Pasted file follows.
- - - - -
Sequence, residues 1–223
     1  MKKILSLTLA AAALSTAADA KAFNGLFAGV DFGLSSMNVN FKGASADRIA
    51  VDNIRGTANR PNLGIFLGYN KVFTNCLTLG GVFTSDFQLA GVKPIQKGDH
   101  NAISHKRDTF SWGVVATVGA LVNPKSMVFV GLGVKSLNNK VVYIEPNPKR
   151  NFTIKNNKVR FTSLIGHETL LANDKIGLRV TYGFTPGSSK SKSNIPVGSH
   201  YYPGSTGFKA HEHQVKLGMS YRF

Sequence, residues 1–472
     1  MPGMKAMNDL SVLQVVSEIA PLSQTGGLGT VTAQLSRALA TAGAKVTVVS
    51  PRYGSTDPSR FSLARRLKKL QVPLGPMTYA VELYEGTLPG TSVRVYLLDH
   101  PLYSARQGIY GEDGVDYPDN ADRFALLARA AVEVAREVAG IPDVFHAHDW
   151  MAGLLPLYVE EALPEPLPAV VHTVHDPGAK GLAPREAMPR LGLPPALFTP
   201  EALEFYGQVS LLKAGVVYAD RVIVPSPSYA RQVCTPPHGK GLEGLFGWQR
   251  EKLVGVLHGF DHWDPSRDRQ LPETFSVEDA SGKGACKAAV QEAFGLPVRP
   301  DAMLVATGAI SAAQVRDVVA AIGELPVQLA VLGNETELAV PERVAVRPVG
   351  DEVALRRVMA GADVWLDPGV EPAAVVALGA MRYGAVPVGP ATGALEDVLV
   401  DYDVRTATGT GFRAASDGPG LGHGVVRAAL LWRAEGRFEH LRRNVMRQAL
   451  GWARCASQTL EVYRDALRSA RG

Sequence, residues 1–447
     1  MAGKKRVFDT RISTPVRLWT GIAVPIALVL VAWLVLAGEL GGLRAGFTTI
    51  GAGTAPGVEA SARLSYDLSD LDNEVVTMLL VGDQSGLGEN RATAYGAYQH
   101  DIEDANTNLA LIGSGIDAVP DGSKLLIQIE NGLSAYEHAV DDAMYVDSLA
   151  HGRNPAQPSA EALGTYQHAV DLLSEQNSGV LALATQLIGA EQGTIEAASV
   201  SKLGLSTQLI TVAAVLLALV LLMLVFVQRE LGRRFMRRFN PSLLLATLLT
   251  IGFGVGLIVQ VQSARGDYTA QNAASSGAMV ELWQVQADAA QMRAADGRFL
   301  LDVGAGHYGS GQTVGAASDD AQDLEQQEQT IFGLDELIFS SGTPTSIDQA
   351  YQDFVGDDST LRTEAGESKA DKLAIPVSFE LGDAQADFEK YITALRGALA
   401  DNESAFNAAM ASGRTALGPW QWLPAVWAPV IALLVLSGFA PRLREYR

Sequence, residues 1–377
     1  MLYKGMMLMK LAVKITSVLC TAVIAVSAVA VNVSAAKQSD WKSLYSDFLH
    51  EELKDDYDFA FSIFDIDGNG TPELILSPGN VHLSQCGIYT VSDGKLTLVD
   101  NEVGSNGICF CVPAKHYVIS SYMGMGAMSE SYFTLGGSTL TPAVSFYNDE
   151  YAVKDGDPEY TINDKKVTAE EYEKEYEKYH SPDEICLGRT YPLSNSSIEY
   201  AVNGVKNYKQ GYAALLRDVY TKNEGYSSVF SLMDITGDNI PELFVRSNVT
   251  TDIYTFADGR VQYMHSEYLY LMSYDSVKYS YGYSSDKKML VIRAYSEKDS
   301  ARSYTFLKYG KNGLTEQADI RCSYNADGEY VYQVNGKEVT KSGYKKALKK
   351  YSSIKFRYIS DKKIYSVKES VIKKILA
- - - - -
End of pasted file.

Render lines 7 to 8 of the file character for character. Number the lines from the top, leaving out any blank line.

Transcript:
Sequence, residues 1–472
     1  MPGMKAMNDL SVLQVVSEIA PLSQTGGLGT VTAQLSRALA TAGAKVTVVS